Cozy Up to Patio Heater Safety

Cozy Up to Patio Heater Safety

Guidelines for the safe use of outdoor heating devices

 

(October 29, 2021) – As Ontarians attempt to take the chill out of outdoor gatherings in crisper weather, national and provincial safety partners encourage homeowners to learn the fundamentals of patio heater safety and maintenance.
 
With risks of carbon monoxide (CO) poisoning and fire a significant concern this season due to the potential for improper use of outdoor heating equipment, the Technical Standards and Safety Authority (TSSA), in partnership with Ontario Association of Fire Chiefs (OAFC), Ontario Municipal Fire Prevention Officers Association (OMFPOA), and Canadian Propane Association, offer the following fall and winter weather patio heater safety tips.
 
Patio Heater Selection
Device Placement and Transport
  • Patio heaters are designed for outdoor use only. To avoid carbon monoxide poisoning, never use patio heaters indoors or within an enclosed structure. Requirements for patio heaters in shelters are outlined in TSSA’s Patio Heater Safety Guidelines.
  • Ensure outdoor heaters are positioned on a stable surface so they won’t get knocked over. Don’t install heaters on grass, uneven sidewalks, or near the edge of an elevated platform.
  • Adhere to the manufacturer’s instructions for required clearances from combustible materials, such as umbrellas, awnings, walls, tablecloths, paper products and decorations.
  • Keep fire extinguishers easily accessible.
  • Never move a portable heater while the flame is lit. Make sure the fuel supply is properly shut off and the unit is cool before relocating.
Propane Cylinder Handling
  • Ensure anyone operating a patio heater understands how to disconnect and install propane cylinders, including how to check for leaks. See TSSA’s Patio Heater Safety Guidelines for instructions.
  • Propane cylinders must be stored upright, outdoors and in an area protected against tampering, unauthorized movement, dropping, or vehicle impact that could result in a leak or a fire. Never store propane cylinders indoors, in a garage, close to operational heaters, or near smoking areas.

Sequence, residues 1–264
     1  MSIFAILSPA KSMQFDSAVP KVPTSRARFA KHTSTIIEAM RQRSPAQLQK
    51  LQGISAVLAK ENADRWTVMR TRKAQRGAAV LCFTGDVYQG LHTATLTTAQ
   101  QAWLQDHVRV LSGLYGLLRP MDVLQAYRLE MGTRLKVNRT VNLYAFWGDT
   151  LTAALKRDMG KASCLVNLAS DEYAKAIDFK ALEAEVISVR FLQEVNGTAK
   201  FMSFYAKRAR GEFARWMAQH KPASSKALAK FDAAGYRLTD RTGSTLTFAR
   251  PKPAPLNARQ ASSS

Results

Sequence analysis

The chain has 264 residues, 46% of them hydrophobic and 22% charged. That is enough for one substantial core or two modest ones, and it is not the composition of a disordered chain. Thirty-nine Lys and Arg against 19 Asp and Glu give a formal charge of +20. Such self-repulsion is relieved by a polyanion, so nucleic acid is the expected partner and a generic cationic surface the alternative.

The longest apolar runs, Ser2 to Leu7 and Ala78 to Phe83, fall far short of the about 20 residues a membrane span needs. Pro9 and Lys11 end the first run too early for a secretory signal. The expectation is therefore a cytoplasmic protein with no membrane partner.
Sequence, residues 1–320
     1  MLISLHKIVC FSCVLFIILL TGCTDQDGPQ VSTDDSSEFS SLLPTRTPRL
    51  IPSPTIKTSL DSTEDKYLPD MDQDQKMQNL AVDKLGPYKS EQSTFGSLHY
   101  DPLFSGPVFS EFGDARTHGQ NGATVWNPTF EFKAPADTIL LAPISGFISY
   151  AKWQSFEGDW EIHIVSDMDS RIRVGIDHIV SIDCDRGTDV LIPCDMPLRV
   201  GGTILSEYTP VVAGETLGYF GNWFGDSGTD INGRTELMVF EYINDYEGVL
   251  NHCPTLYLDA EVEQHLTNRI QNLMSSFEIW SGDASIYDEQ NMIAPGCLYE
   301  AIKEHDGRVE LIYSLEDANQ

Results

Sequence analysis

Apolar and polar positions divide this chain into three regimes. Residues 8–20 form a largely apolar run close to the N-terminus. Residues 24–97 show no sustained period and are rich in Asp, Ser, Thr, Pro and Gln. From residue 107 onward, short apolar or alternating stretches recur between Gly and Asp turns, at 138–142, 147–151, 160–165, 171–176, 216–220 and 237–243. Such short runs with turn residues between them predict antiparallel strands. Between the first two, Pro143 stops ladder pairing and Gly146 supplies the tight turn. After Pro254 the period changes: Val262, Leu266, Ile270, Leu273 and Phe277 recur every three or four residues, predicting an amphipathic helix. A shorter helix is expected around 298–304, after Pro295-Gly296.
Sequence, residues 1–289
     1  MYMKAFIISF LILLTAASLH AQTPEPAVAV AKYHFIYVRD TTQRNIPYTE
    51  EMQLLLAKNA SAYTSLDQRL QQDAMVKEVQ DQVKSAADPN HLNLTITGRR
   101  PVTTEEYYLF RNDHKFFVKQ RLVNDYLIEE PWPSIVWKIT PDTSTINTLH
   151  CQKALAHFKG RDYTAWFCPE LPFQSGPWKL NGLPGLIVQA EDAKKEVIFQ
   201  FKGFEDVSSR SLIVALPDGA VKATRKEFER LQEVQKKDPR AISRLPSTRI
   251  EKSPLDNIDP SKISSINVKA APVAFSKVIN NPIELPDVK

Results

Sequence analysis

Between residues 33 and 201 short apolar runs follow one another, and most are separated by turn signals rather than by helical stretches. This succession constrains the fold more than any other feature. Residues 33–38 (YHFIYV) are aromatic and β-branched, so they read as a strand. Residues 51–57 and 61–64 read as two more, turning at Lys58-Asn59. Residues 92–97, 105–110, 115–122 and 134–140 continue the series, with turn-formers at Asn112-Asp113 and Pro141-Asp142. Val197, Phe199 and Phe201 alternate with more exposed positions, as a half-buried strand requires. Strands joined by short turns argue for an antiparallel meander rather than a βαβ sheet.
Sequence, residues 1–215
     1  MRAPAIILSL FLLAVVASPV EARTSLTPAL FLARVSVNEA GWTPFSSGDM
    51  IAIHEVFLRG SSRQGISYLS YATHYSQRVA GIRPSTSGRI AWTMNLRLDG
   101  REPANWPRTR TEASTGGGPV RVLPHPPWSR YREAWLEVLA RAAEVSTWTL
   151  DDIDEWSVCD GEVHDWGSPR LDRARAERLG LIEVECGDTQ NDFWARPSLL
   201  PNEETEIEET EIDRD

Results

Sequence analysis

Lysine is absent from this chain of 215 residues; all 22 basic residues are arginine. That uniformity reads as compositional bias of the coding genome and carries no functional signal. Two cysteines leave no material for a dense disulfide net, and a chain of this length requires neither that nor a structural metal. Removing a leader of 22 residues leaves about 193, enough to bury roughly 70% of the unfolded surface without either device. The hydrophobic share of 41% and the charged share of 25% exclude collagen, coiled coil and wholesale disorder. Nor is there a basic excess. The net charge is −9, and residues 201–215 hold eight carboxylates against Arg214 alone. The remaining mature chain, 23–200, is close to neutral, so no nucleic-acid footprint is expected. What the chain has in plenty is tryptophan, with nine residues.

• Use care when transporting propane cylinders. Up to five 20-pound propane cylinders may be transported in a vehicle provided they are safely secured in an upright position in the passenger compartment with the windows open, secured in a trunk with the trunk lid propped open for ventilation, or secured in the ventilated box of a truck. Transportation of more than five 20-pound propane cylinders must be conducted according to Transport Canada Transportation of Dangerous Goods regulations.
Keeping a Watchful Eye
  • Never leave patio heaters unattended.
  • Pay particular attention when children or intoxicated adults are in the vicinity.
  • Teach family members and guests to recognize the symptoms of carbon monoxide poisoning, which include nausea, dizziness and headache.
Additional information for the safe use of patio heaters on residential or commercial patios can be found in TSSA’s TSSA’s Patio Heater Safety Guidelines and TSSA’s Patio Heater Safety Checklist for Restaurant Owners and Operators available at www.tssa.org
 
Quotes
“The risk of CO poisoning isn’t limited to indoor areas. CO is produced by devices that burn fuel, like patio heaters, and deadly CO gas can accumulate in any environment with limited air movement. That’s why it’s so important to ensure that areas where patio heaters are located are well ventilated and verify that smoke and CO alarms located inside nearby shelters and buildings are working properly.”
Sam Sadeghi